I guess it’s just an old neighbourhood thing
As the story goes, once upon a time in Bradders’ past he lived nearby an old woman he was in friendly, chatty terms with. Apparently she was a very religious lady but never had the habit of praying. This was because, in her own words, she was in good enough terms with God to know that he knows her name anyway and there’s no point in bothering him with additional messaging. And that’s the story behind Say Hello to the Pope as well, seemingly set after the old lady had passed away. Much like The Great Western, it too is about reminiscing the past.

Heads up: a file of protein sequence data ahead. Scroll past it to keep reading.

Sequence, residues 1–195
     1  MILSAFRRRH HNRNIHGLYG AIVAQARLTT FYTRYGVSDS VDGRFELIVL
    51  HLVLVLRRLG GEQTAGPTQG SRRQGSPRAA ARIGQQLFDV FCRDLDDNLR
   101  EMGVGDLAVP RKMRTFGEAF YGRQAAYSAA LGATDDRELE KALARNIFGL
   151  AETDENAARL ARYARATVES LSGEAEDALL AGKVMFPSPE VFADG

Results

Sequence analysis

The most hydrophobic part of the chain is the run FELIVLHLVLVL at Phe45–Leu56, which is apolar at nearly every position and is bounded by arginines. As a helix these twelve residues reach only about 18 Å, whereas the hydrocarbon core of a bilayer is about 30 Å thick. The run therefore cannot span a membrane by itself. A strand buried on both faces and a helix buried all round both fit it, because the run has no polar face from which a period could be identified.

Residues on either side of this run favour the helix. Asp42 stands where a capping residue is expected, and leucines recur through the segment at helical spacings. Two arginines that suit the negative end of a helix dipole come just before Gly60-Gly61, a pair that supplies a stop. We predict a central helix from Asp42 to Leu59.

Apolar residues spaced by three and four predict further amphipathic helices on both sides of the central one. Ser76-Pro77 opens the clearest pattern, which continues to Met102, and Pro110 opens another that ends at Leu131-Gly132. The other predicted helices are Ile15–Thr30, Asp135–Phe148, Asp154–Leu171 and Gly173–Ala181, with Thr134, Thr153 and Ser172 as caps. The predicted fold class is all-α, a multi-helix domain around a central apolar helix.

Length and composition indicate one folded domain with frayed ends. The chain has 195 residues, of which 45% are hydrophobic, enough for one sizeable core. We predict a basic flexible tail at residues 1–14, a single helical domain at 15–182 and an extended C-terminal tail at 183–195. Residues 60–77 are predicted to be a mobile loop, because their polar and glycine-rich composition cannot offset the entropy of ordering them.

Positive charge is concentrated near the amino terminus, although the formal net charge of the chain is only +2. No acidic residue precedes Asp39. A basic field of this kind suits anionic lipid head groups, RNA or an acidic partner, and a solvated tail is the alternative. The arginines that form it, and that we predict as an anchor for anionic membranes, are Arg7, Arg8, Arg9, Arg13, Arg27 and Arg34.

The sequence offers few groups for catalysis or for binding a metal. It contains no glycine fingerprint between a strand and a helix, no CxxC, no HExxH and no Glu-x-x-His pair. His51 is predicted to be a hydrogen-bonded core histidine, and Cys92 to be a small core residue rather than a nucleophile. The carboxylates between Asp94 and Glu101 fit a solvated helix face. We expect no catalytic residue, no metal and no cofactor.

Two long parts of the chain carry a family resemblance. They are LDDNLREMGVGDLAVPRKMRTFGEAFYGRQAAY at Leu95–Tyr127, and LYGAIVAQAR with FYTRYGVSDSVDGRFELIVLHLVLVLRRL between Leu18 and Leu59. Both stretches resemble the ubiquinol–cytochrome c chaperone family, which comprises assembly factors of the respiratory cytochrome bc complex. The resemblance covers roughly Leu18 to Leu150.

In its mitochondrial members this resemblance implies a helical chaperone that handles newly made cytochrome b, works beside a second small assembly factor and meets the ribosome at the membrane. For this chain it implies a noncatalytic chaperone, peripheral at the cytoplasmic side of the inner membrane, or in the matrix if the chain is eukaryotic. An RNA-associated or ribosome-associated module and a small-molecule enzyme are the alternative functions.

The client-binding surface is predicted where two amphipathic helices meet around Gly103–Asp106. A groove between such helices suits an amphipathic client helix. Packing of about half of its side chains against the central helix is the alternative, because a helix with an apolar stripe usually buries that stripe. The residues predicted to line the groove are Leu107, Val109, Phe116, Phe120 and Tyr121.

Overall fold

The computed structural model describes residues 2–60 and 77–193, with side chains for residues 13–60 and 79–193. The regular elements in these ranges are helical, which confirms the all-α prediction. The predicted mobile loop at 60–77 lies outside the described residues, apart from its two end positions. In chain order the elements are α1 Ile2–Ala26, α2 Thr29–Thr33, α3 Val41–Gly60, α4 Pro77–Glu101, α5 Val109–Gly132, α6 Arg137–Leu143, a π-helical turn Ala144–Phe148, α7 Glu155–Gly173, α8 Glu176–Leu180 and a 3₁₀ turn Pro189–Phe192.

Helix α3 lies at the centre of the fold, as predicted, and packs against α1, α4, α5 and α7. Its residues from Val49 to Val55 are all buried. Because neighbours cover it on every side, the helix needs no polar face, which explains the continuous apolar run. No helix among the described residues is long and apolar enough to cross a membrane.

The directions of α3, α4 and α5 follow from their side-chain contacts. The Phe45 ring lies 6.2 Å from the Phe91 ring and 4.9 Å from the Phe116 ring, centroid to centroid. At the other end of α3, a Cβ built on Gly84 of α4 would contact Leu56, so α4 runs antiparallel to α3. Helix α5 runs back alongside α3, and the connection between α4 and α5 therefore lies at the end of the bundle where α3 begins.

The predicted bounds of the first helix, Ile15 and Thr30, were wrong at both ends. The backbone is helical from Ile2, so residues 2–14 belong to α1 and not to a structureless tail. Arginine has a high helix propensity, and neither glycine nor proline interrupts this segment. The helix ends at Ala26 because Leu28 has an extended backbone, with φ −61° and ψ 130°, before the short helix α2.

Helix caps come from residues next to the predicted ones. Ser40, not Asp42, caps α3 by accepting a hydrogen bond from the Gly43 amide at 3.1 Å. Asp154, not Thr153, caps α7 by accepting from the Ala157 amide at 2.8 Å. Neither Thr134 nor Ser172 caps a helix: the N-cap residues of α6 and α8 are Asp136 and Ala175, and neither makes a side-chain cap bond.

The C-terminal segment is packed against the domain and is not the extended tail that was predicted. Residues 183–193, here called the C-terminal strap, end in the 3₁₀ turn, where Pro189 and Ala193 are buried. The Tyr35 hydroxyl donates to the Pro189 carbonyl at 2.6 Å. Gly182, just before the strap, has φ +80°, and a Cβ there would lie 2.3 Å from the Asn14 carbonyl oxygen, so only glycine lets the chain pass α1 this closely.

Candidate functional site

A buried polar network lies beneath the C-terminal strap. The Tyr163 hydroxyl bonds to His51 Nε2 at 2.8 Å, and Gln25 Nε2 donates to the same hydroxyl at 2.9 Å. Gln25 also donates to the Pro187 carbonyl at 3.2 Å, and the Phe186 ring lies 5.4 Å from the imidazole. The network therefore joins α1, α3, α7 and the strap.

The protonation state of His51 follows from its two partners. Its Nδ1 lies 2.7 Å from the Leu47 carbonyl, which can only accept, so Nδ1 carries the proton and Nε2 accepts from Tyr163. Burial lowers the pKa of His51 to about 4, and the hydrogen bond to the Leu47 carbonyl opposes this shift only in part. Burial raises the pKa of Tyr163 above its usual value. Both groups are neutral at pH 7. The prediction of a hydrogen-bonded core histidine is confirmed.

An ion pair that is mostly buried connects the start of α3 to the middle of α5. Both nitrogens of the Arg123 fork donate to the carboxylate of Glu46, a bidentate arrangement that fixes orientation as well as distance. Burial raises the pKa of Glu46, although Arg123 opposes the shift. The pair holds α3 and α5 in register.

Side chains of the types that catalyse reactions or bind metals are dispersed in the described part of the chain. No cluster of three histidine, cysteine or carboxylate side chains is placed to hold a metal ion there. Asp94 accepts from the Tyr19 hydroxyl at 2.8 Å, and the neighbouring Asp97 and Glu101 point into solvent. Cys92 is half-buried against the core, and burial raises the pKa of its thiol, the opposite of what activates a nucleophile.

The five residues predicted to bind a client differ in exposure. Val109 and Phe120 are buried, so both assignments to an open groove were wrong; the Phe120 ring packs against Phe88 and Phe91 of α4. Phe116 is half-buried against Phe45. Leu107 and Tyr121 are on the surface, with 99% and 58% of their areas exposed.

But because it’s on The Great Western, the said reminiscing isn’t a sad ordeal. Say Hello to the Pope is a joyous frolic and a wink-in-the-eye farewell to a great woman Bradders had the delight to know. It’s a great bundle of joy that’s got a great big warm smile on its face as it shuffles around in one of the most upbeat ways of James’ career. On the album’s otherwise more somber and serious second half it’s the song that reminds us of the big pop tunes of the first half, and actually betters most of them.
The most delightful moment has to be, like so often on The Great Western, the backing vocal parade in the chorus. Maybe it’s just the backing vocal nutter in me but the choir of “say hello!” just gets me every time and puts a smile on my face if the song as a whole hasn’t done it by the time the first chorus hits.